After a 12 hour bus transit from Almaty, Kazakhstan we finally arrived in Cholpan-Ata, Kyrgzstan at 9pm....ever so slightly worried where we were going to stay the night. We needn't have worried....we were met off the marshrutka (minibus) by a friendly babushka (grandma) who led us off down a dark dirt track to our 'homestay' which turned out to be one of the more simple places we'd stayed.....the facilities being past the potatos and right at the blackberry bushes. Cholpan-Ata is set on lake Issyk-Kul - a massive freshwater lake at 1800m. There were numerous beaches around town where Russians, Kakakhs and Kyrgyz all flock during the summer to sun (sunburn) themselves, including pregnant women wearing g-strings! We made it down the beach but after a quick dip in the freezing glacial waters we went for some lunchtime shasklyk and beers instead!
Moving round the lake we arrived in Karakol - the trekking capital of central Asia. We stayed in a lovely homestay courtesy of Babushka Fatima. Her daughter-in-law spoke good English which was a real help and made asking questions about Kyrgyzstan and the USSR much less painful. It was interesting to hear how the people really struggled to cope without socialism for many years as they had never had to think about their careers or generating money. They were suffering an almost institutionalised mindset that was difficult to break free from. Only now are they starting to get used to trade and entrepreneurialism and starting to see the benefits.
Kyrgyzstan is full of two types of vehicles - Ladas and German-manufactured cars from the 1980s. I did not know it was possible for these cars to still be on the road, I thought they went to a little car heaven in the sky when we got rid. Now I know different. Most of the cars we went in had 500,000 miles on the clock BEFORE the mileometer stopped working! I wonder why we cannot be more sustainable in the UK and repair and reuse like here? Although, to be fair, I am, not sure that even 5% would pass a UK MOT.
We were lucky to be in Karakol on a Sunday to see the second largest animal market in central Asia....where we arrived bright and early at 6am! Lots of horses, sheep and cows.....and men in felt hats whom Bryn had a particular penchant for photographing with his long lens....
Not quite the same as in the UK...no pens for the animals so you had to watch out for the bucking horses and we did see a few sheep being stuffed in the boot of a Lada for the journey to their new home!
We had resolved that for our trek into the hills we didn't want another 18 year old 'guide' accompanying us so we set off round town in search of some camping equipment to rent, which is surprisingly difficult as most the operations who have equipment only rent it out as long as you hire a guide/porter/cook from them. However, after a couple of days we had sorted our gear and got in our bright blue Lada taxi (Bryn very excitedly hand picked this) which whizzed us up to Jeti-Orguz the start of our trek, undaunted by our 18kg packs.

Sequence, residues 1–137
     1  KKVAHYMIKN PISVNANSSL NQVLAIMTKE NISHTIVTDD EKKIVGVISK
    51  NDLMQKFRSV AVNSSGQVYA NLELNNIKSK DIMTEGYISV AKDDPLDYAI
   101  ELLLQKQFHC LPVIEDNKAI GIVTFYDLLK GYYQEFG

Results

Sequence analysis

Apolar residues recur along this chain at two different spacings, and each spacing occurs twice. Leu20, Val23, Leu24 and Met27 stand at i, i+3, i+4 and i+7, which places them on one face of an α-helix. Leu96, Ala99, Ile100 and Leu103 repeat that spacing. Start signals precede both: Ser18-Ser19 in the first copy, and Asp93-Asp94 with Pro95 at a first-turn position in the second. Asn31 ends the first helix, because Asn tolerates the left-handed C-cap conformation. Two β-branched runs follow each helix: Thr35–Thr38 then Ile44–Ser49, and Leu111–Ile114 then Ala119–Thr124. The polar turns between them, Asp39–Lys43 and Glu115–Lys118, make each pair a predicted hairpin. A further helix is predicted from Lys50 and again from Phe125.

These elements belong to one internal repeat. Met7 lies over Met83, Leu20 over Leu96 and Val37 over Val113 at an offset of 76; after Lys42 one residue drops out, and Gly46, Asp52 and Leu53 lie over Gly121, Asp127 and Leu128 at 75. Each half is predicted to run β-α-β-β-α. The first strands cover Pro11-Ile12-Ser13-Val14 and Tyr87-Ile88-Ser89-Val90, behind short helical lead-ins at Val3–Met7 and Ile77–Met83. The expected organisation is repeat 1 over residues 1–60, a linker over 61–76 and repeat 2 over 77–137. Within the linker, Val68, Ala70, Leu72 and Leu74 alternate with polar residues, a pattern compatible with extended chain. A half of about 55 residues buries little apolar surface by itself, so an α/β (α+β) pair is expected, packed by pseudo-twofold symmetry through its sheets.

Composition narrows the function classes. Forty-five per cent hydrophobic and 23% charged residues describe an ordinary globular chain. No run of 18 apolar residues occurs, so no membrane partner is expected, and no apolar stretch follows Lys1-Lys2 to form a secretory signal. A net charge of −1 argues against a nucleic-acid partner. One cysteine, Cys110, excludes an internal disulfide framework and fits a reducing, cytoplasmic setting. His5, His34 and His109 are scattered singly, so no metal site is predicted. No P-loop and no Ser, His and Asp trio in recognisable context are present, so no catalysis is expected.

The first day was pretty easy ambling up the beautiful valley in the baking sunshine. After a couple of hours walking we spied a yurt that agreed to bring us some chai.....what we didn't bargain on was that in Kyrgzstan, tea is never just tea....you simply must eat as well. So there we were....with a beautiful view down the grassy valley....tucking into a cream tea that would have gone for good money in central London....the homemade blackcurrant jam was the best we'd ever had! Grudgingly, we set off in search of our campsite for the night.
Day 2 was actually an easy day but for some reason we made rather slow going. We were walking up narrow alpine valleys full of grass, streams with big tall green conifers everywhere....all very Soviet. However, it was very pleasant walking mainly....apart from fording a couple of glacial streams where we needed to take our boots off. We'd done this a lot in Borneo but hadn't quite realised quite how cold the glacial meltwaters would be - people must have heard our swearing 20km away!
It started to rain just as we reached our campsite....we got our tent up pretty quickly and spent the rest of the afternoon cowering from the rain. Just before bedtime an inquisitive and insistent cow herd decided that they wanted to become friends and several times we had to shoo away a snuffling snout that was trying to get into our tent!! After living in fear of the cow shadows outside the tent all night , we generated the courage for a stern face to face dawn showdown....
We also spotted some interesting looking orange scurrying fluffy things that later turned out to be marmots.
Day 3 we got up a little late due to more rain and set off for the first high altitude pass of the trek.....this was where it turned out that the maps we had weren't exactly Ordance Survey quality. We missed the path and ended up doing most of the 1000m ascent up the river course....at one point going up some pretty steep sections as we got pelted by hailstones. This wasn't exactly the summer walk we'd planned.
Luckily, the weather got better as we approached the 3800m pass and there were some pretty stunning views as we trekked across the barren plateau.
Going down from the pass was a lot of fun as we got to ski down about 400m.....ok no poles or actual skis....but we made it down in record time and thankfully no broken bones in this remote place!!